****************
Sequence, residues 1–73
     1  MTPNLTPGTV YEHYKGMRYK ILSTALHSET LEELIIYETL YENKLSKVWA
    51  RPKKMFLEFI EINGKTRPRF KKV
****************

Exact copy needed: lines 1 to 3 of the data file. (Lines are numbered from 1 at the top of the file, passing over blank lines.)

Sequence, residues 1–73
     1  MTPNLTPGTV YEHYKGMRYK ILSTALHSET LEELIIYETL YENKLSKVWA
    51  RPKKMFLEFI EINGKTRPRF KKV